Dashtban M, Sarir H, Omidi A. The effect of Prosopis farcta beans extract on blood biochemical parameters in streptozotocin-induced diabetic male rats. Adv Biomed Res 2016;5:116

How to cite this URL:
Dashtban M, Sarir H, Omidi A. The effect of Prosopis farcta beans extract on blood biochemical parameters in streptozotocin-induced diabetic male rats. Adv Biomed Res [serial online] 2016 [cited 2020 Oct 27];5:116. Available from: https://www.advbiores.net/text.asp?2016/5/1/116/185575


  Introduction Top


Diabetes mellitus is a complex endocrinological, metabolic disorder characterized by hyperglycemia due to disturbance of carbohydrate, fat and protein metabolism associated with a defect in insulin secretion and/or impaired target cell responsiveness to insulin. [1] Reactive oxygen species (ROS) are implicated in the clinical condition of diabetes. The most common exogenous factors originating ROS are included environmental pollutants, drug metabolism (side effects), smoking, alcohol, inadequate nutrition, and excess solar radiation. [2]

Many plant species have been used for treating diabetes in different countries. [3],[4],[5] Medicinal plants are rich sources of natural antioxidants. These plants use in traditional medicine for the control and treatment of many diseases. More than 800 kinds of plants estimated as traditional folk medicine use to treat diabetes. Without any academic confirmation, the Prosopis farcta are used to treat diabetes by the tribal people in Jordan. [3] Leaves and beans of P. farcta have been used as a traditional medicine. [4] P. farcta is native in Asia, distributed from India to Iran [6] and mostly well adapted to drought and warm weather. Some of the beneficial effects of Prosopis are antitumour activity, [7] antioxidant capacity, [8] antiparasitic and antimicrobial activity, [9] increase high-density lipoprotein (HDL) cholesterol and decrease low-density lipoprotein (LDL) cholesterol in ostriches, [10] and hepatoprotective potential in Wista rats. [11] Since the medicinal plant P. farcta has antioxidant activities which may be useful in diabetic patients, and there is no report on the effect of this plant against diabetes, the objective of this study was to evaluate the hypo- and anti-hyperglycemic effects of P. farcta beans in normal and streptozotocin (STZ)-diabetic rats.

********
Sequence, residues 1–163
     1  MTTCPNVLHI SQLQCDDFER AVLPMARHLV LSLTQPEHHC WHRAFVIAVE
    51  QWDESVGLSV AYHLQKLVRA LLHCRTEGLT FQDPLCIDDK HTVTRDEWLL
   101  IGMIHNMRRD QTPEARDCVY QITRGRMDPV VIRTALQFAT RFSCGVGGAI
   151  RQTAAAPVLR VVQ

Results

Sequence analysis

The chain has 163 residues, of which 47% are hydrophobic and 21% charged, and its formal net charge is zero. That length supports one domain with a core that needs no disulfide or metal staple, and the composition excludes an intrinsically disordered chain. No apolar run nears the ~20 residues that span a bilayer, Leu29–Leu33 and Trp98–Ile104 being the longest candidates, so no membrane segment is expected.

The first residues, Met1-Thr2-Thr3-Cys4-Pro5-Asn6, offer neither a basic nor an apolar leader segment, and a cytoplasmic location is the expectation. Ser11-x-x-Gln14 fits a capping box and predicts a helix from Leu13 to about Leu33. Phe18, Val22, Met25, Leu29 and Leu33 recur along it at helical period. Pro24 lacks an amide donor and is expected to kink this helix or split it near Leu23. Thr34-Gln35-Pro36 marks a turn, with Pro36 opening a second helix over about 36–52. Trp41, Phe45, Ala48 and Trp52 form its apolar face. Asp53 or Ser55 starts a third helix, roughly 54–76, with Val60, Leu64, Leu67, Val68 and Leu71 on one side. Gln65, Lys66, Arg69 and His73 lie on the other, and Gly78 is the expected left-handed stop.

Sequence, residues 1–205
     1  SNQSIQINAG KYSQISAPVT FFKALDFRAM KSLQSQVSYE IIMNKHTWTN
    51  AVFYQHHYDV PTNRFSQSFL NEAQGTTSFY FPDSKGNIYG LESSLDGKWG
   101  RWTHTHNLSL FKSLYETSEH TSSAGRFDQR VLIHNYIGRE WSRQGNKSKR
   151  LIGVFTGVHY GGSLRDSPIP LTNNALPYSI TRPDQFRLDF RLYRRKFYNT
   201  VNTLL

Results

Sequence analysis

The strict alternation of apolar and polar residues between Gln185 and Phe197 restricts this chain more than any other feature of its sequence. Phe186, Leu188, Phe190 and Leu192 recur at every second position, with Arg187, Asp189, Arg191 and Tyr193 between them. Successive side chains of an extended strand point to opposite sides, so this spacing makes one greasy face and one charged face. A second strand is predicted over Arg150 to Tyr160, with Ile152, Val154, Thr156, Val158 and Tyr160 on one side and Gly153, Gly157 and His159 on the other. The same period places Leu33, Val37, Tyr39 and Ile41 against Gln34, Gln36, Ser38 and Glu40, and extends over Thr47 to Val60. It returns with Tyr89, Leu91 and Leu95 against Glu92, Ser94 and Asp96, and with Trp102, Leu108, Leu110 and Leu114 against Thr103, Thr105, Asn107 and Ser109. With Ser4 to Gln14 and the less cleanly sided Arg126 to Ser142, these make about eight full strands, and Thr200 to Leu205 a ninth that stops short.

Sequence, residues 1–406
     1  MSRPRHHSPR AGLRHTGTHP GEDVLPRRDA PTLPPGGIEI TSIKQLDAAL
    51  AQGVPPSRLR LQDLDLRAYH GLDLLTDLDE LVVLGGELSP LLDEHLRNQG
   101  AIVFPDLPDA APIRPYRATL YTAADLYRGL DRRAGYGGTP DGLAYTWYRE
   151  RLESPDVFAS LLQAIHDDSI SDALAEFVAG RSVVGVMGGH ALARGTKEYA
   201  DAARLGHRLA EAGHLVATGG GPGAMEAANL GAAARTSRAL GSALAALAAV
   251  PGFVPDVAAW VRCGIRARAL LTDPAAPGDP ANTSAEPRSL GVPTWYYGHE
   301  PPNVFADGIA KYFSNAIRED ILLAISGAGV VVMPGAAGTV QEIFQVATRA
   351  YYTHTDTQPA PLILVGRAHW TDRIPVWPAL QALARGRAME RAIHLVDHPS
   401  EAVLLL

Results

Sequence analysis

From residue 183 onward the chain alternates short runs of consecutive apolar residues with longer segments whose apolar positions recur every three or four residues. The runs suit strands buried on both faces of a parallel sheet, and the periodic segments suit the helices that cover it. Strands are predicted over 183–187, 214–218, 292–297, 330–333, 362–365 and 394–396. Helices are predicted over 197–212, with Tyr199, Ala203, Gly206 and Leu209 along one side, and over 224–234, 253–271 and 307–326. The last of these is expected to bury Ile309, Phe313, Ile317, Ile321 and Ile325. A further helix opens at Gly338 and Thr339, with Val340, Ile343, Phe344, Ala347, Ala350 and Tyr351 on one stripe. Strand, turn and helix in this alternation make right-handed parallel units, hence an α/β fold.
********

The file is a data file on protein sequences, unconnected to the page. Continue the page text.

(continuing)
Materials and Methods Top


Animals

Albino Wistar rats (200-250 g) were kept in a well-ventilated cage under standard laboratory conditions (temperature 25°C ± 2°C with 12/12 h dark/light cycle). They were fed pellet diet and water ad libitum. The animals were accustomed to laboratory conditions for one-week prior to the experiment.